That is a hard saying, no question about it: but Jesus only takes away worldly ambition, that he may give them true greatness in the Kingdom of God: “Ye are they which have continued with me in my temptations” he tells the apostles; “and I appoint unto you a kingdom, as my Father hath appointed unto me; that ye may eat and drink at my table in my kingdom, and sit on thrones judging the twelve tribes of Israel”. It is by obedience that men learn how to command; and those who put themselves at the service of God become the willing instruments of his almighty will, and are entrusted with power and authority from on high. When the Lord’s Servant, who humbled himself unto death, even the death of the cross, was highly exalted in his resurrection, and given all authority in heaven and earth; those who followed him in humble service of God were commissioned to claim the allegiance of all nations to him.

For an apostle is “someone who is sent” -- an emissary or ambassador of the Kingdom of God, sent to announce the Kingdom’s coming in Jesus Christ, and authorized to claim men’s allegiance to him. “We are ambassadors for Christ, as though God did beseech you by us: we pray you in Christ’s stead, be ye reconciled to God” (2 Cor. 5.20). They are entrusted with the Word of God’s power, of his justice and mercy; the power to proclaim repentance and remission of sins among all nations in Jesus’ name; the power to bring the light of heaven into the dark places of the earth, and to admit men to communion with God. “We preach not ourselves, (says St. Paul) but Christ Jesus the Lord; and ourselves your servants for Jesus’ sake” (2 Cor. 4.5). The words are St. Paul’s, but he speaks for all the apostles, and for those of us who profess the apostolic faith.

In his poem “The Windows”, George Herbert, a 17th century priest and poet, asked,

Lord, how can man preach thy eternal word?
He is a brittle crazy glass:
Yet in thy temple thou dost him afford
This glorious and transcendent place,
To be a window, through thy grace.

Such is greatness in the Kingdom of God: “To be a window, through thy grace” to the light of God’s truth, his goodness, his beauty, his justice, and his mercy, as this is revealed in his eternal Word, and set forth in the witness of the apostles to Jesus Christ. It is the greatness of Bartholomew and all the apostles; which it is our holy desire to share; and so we pray, that as his fellow-servants, we may both love what he believed, and proclaim what he taught. Amen.

Thursday, August 13, 2009

Bishop Jeremy Taylor

The Anglican calendar commemorates Bishop Jeremy Taylor (1613-1667), a scholar, a man of prayer, and a true pastor. He lived through a century that saw the execution of King Charles I, the Cromwellian interregnum which suppressed the Church of England and banned the Book of Common Prayer, and finally the Restoration. He was a renowned scholar, a student of the liturgy, his thinking formed by the works of the Church Fathers, who defended the Book of Common Prayer, and the historic practice of organized formal prayer in his essay An Apology for Authorized and Set-Forms of Liturgy.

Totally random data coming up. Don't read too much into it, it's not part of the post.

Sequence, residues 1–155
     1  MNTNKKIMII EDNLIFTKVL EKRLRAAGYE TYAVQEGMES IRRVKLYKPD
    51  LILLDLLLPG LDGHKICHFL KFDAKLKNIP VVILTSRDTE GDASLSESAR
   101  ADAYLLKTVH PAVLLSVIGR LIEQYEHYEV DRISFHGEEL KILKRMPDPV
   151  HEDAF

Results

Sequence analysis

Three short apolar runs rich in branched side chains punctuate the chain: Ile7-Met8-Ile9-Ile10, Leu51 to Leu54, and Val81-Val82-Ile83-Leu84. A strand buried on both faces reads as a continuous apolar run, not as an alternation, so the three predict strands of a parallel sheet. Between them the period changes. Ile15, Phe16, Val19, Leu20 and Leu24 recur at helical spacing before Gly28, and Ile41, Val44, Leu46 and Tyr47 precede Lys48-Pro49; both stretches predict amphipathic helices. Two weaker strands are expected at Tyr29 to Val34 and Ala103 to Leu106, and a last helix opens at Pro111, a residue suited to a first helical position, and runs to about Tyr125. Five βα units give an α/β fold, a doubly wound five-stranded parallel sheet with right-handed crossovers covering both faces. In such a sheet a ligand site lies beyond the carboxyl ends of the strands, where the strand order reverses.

Taylor is best known for The Rule and Exercises of Holy Living and Holy Dying, his contemplation of the purposes of life in the face of our final end, and advice on the means to living well, and preparing ourselves for a blessed death. Filled with hope and love, not dark or distressing, Taylor's work offers practical advice. In his memory I excerpt the following:

The memories of the saints are precious to God, and therefore they ought also to be so to us; and such persons who serve God by holy living, industrious preaching, and religious dying, ought to have their names preserved in honour, and God be glorified in them, and their holy doctrines and lives published and imitated; and we by so doing give testimony to the article of the communion of saints...
And so today we give thanks to God for the work of Bishop Taylor.

Roberta Bayer
[More information about Bp Taylor and links to his writings can be found at]

Wednesday, August 12, 2009


When we say that we desire to recover real religion, what we mean is that we desire to recover Christ Jesus. True religion is recovered when man discovers that Jesus Christ is reality. Reality- or what is true and good, is God's life, and God's life is given to man in Christ Jesus.Reality is the union of God with man, and man with God. Christ Jesus is the dynamic center of this unifying reality. He is the love of God and the love of man in the one centrifugal activity which unites the two. Through the Holy Spirit this love is offered to us. If we accept it "he will dwell in us, and we in him". Are you interested in this Reality? Or are you, rather, following a religion that is alien to it?

--Fr. William Martin